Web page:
OTTAWA (Reuters) - Canadian Prime Minister Justin Trudeau on Thursday brushed off an attack by U.S. President Donald Trump on Canada’s system of dairy protections, saying every nation defended its agricultural industries.
Trudeau told Bloomberg Television that the United States in fact ran a dairy surplus with Canada. Trump took aim at Canada’s dairy industry this week and said on Thursday “what they’ve done to our dairy farm workers is a disgrace”.
Canada’s dairy sector is protected by high tariffs on imported products and controls on domestic production as a means of supporting prices that farmers receive.
Trudeau said the system “works very well” in Canada.
“Let’s not pretend we’re in a global free market when it comes to agriculture,” he said. “Every country protects, for good reason, its agricultural industries.”
Trump’s comments were the second time this week he has attacked Canada’s dairy industry and on Thursday he included the lumber, timber and energy sectors in a list of what he said were problematic areas of trade.
Canadian Foreign Minister Chrystia Freeland, asked for a reaction, rejected the suggestion of wrongdoing.
“Canada strongly believes in a rules-based system of trade, and therefore always abides by and upholds the rules that govern trade,” she said in an e-mailed statement.
Trump said the United States will report in the next two weeks what it intends to do with the North American Free Trade Agreement (NAFTA), which he has promised to renegotiate.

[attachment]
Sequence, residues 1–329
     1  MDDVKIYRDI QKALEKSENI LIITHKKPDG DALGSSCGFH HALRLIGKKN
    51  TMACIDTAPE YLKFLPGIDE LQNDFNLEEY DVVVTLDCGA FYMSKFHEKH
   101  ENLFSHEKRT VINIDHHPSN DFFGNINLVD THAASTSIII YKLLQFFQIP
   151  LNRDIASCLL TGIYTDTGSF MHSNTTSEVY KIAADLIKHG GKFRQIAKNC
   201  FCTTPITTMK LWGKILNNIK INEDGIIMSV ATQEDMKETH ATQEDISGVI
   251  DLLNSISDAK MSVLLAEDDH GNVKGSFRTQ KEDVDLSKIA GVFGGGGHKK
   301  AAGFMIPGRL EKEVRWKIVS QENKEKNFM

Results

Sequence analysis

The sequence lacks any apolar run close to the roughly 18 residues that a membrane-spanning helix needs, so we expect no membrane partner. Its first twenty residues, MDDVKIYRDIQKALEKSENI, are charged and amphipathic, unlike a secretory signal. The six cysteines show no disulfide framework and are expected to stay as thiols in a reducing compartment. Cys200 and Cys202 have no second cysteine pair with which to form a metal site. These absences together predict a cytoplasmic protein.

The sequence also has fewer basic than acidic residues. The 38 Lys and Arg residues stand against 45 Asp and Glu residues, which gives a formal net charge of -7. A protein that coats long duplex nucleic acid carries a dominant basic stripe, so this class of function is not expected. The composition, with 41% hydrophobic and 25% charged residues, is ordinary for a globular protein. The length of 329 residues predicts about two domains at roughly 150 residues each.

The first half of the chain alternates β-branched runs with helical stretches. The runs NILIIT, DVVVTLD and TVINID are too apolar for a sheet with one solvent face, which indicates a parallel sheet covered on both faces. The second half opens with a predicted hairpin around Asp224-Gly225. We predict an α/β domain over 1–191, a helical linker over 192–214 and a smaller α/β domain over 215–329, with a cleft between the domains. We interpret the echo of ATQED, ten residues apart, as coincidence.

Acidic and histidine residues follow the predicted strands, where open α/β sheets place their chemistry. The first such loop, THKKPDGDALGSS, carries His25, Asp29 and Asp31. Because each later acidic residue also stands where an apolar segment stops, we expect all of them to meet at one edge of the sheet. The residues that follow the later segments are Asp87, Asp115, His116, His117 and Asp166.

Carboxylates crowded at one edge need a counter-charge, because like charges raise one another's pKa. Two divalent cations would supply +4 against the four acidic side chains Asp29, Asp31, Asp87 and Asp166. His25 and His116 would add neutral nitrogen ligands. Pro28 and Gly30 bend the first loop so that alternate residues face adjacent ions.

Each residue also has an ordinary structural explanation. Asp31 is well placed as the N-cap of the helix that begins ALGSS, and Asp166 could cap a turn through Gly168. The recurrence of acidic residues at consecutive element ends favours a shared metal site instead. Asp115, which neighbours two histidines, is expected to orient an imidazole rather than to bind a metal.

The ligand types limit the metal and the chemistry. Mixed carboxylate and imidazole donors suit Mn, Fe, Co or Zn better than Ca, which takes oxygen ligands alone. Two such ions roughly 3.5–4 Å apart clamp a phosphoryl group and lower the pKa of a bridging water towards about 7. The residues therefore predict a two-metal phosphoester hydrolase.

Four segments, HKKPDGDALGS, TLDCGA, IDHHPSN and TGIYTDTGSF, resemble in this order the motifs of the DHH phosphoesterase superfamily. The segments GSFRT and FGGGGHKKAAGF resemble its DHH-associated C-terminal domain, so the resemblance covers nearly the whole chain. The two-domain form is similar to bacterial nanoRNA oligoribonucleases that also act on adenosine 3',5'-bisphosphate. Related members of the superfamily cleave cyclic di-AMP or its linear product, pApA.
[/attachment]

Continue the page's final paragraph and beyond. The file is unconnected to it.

The threat to get rid of or alter NAFTA is a potential problem for Canada, whose biggest trade partner is the United States.
Trudeau said he would not “overreact” and planned to move the trade conversation forward “in a way that both protects our consumers and our agricultural producers.” He also said he saw an opportunity to engage with the U.S. President.
“He has shown if he says one thing and actually hears good counter arguments or good reasons why he should shift his position, he will take a different position if it’s a better one, if the arguments win him over,” Trudeau said.
The two nations are embroiled in a long-standing dispute over exports of Canadian softwood lumber, which U.S. producers complain are unfairly subsidized.
“Our producers and workers have never been found in the wrong .. the United States needs Canadian lumber. A protracted dispute will only drive up the cost of wood and homes for U.S. consumers,” Freeland said.
Reporting by Leah Schnurr and David Ljunggren in Ottowa; additional reporting by Jeff Mason in Washington; Editing by Grant McCool